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The new artwork hanging in my office is a beautiful reminder of this truth.

“Brokenness is not the end. It’s the raw material for a breathtaking masterpiece, where each fracture is a stroke of courage.” -Lindsay Wanner

After feeling extremely fortunate to spend almost every night at home in January, the work schedule shifted and launched us into a wildly busy and deeply meaningful month of February.  Taking full advantage of the extra day this year, we traveled to 14 cities and spoke with 18 different groups. (An added bonus, we are now on a first name basis with most of the St. Louis airport staff!)

On one of the few days I worked from our office last month, we were able to hang a piece of art in our lobby. As beautiful as it is, it’s the process of how it was created and the story of the artist who brought it to life that is most meaningful to me. Let me explain.

Lindsay Wanner didn’t set out to become a world-renowned artist. After college she found herself unfulfilled professionally and began creating art for friends as gifts. A skill she had always possessed, but never fully embraced, led her to became so popular that she began selling art online. As demand grew, Lindsay was able to leave her job and begin working as a fulltime artist.

Lindsay takes the very objects that others view as trash and creates masterpieces. Hundreds of pieces of discarded wood, broken record albums and magazine covers are intricately layered and glued together on the canvas. In the early stages it looks completely nonsensical and totally unimpressive. An untrained eye sees only mismatched broken pieces, a collection of disjointed junk.

In time, with the master’s eye, piece by piece the canvas transforms into stunning works of art.  Her artwork has featured Kobe Bryant, Pink and the artist formerly known as Prince. They hang as centerpieces in the houses of celebrities and the lobbies of businesses, including our office in Kirkwood, MO.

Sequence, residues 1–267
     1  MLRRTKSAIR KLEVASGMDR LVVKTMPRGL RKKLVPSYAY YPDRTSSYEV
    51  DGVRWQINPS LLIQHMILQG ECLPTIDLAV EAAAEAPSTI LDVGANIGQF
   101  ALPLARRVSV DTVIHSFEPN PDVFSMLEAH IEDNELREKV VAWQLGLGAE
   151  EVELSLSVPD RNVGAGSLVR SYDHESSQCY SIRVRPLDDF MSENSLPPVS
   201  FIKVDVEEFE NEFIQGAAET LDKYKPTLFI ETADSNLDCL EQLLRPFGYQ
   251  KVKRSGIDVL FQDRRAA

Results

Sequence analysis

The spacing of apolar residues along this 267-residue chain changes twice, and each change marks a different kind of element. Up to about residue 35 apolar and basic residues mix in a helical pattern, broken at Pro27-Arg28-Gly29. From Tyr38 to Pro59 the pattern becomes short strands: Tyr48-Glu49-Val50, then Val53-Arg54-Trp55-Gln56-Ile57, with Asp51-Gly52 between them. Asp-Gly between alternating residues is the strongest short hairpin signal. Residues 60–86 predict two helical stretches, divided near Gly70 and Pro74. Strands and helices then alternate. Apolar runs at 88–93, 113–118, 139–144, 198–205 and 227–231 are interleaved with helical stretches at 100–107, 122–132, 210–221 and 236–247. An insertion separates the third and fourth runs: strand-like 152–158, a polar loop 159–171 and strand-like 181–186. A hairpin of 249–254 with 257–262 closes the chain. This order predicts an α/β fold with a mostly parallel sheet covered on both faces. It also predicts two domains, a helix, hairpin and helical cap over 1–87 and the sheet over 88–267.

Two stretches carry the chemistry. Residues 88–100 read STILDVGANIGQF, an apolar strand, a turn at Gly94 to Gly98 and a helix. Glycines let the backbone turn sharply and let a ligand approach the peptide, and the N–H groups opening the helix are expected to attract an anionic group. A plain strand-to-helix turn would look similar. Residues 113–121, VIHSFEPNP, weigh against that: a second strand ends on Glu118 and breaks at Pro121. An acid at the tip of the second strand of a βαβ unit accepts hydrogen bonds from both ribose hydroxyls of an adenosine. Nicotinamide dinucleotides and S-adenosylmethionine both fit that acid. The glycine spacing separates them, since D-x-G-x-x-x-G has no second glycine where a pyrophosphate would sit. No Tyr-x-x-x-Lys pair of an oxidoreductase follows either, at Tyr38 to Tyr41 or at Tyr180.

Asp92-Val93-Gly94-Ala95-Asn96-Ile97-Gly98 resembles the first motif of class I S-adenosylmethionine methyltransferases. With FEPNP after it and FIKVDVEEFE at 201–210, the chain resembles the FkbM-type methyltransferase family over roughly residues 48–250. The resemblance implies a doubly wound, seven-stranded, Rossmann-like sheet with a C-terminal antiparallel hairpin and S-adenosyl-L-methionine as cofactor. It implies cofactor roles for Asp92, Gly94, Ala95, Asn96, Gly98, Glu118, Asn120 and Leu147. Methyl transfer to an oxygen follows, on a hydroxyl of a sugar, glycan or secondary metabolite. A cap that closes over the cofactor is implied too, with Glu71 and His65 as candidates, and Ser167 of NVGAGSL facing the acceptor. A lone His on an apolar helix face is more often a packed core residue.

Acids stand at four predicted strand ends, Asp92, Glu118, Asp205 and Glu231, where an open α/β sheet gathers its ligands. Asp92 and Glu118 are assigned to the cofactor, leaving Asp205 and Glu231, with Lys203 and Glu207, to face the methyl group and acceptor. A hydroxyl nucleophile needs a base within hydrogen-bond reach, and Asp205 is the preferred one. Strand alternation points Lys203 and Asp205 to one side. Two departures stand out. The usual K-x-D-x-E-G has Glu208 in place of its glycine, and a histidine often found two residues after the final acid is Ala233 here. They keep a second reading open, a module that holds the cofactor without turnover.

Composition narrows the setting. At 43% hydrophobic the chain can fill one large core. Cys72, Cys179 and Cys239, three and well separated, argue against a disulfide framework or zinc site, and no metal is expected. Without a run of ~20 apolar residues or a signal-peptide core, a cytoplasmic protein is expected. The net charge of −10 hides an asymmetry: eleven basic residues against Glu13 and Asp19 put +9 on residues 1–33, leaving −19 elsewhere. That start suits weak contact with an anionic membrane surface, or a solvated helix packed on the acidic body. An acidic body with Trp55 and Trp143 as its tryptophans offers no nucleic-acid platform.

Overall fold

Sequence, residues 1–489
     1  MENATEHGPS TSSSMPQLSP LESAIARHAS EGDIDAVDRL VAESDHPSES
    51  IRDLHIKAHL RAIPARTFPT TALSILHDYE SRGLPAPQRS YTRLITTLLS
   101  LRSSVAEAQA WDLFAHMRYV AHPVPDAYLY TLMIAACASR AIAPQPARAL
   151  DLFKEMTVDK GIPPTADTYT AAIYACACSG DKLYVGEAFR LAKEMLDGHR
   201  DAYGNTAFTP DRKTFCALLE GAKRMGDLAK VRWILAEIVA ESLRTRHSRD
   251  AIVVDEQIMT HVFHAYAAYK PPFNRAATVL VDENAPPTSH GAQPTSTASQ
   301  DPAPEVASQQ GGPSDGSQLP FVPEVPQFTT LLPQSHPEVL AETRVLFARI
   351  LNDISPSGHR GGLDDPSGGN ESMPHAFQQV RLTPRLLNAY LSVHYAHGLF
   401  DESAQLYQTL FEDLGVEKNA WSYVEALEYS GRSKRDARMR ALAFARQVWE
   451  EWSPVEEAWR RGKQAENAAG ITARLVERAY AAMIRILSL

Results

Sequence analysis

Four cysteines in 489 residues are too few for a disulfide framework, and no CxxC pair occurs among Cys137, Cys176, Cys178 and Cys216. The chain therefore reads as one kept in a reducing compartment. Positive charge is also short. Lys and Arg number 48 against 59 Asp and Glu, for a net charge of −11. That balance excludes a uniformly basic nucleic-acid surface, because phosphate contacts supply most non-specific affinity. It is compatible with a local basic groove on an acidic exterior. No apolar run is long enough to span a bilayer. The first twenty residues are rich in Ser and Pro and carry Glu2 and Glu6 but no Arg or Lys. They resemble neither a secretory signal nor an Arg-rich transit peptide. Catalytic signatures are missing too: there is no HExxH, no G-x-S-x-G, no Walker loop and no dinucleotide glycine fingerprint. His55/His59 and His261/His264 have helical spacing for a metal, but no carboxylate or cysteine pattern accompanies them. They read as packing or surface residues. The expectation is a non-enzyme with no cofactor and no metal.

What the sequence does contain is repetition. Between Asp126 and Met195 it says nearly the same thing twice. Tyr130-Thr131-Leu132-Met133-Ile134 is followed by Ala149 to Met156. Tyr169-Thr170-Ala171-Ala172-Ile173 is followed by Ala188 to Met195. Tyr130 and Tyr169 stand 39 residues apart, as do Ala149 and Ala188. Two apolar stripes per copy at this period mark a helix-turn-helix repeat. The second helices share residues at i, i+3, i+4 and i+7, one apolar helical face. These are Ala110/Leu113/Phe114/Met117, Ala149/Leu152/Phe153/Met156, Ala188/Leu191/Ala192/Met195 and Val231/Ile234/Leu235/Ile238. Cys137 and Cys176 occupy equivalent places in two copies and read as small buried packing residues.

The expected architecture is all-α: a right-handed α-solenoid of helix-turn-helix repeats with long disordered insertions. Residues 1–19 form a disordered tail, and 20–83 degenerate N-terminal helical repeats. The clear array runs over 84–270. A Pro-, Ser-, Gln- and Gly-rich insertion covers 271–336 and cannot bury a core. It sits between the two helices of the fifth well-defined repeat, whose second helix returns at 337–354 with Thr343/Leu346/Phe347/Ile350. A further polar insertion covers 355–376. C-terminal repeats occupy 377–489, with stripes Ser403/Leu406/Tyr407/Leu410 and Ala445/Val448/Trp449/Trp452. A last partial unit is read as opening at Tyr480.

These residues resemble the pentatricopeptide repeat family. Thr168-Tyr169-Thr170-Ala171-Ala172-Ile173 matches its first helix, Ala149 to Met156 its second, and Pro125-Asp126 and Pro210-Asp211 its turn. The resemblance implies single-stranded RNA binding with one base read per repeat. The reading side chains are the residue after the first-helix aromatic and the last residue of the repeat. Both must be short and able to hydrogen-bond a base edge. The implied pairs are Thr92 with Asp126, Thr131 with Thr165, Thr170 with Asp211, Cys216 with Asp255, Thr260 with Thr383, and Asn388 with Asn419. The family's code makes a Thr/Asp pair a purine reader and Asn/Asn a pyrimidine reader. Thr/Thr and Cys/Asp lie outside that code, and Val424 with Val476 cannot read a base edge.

The art that hangs in our office features a little boy seated in his wheelchair. His fingers have been amputated. Arm splints and a neck brace immobilize parts of his body. Scars are visible on part of his face.

Perhaps surprising, though, this little boy exudes a radiant smile shining not merely from his face, but his eyes.  Why?

Because he’s seated in the radio broadcaster’s booth of the St. Louis Cardinals. The Hall of Fame announcer Jack Buck is seated next to him. There’s a packed stadium and beautiful skyline ablaze in the background.

In the center of the masterwork are the weathered, toughened, generous hands of a man, partially open, extending toward the little boy a signed baseball.

A moment of undeserved grace in my life caught brilliantly the heart of Jack Buck. He encouraged me as a child to not only endure the struggles of the day, but to resolutely pursue something worthy in life.

Hundreds of broken records, torn magazine articles, and discarded album covers are pieced masterfully together to bring this story of redemptive hope, incredible generosity, and genuine love to life.

But that’s the thing. It’s all the brokenness, arranged intentionally with a clear vision that makes this artwork so beautiful.

My friends, we all have scars, have all endured hardship, and have all experienced brokenness. We have been disappointed by those we love, and through our decisions let down others, too. And yet the suffering endured in the past and the challenges faced are not the end of the story.

As Lindsay reminds us, brokenness is the raw material used for creating a breathtaking masterpiece. Sometimes it requires a little bit of faith to see, but each broken record not only represents a fracture endured, but also courage revealed.

And each layer draws us closer to the masterpiece we are intended to become.

The work continues, but the best is yet to come.

This is your day. Live Inspired.

6 replies on “Broken Pieces Can Be Used for Good”

Thank you, John. I will forward this to one of my adult daughters who is going through a difficult time. (Relationships can be so tough.) I admire you and am proud to call you my friend!

I would like to nominate Donna Johnson. She is the epitome of changing lives one person at a time and has been doing so for 4 decades! She is a leader, influencer, woman of faith and the ripple effect she has created is mind blowing. She introduced me and hundreds of others to your story and book years ago, I can’t remember the exact year but I can remember reading your book that summer and not being able to put it down! And I wanted to tell everyone about! I’m so grateful for Donna Johnson for many reasons but she changed a lot of our lives that year by telling us about your book and later that year hearing you speak at our Arbonne conference! What an honor!!

An awesome reminder of how God has taken the broken fabrics of our life and is methodically making His masterpiece! To God be the glory!

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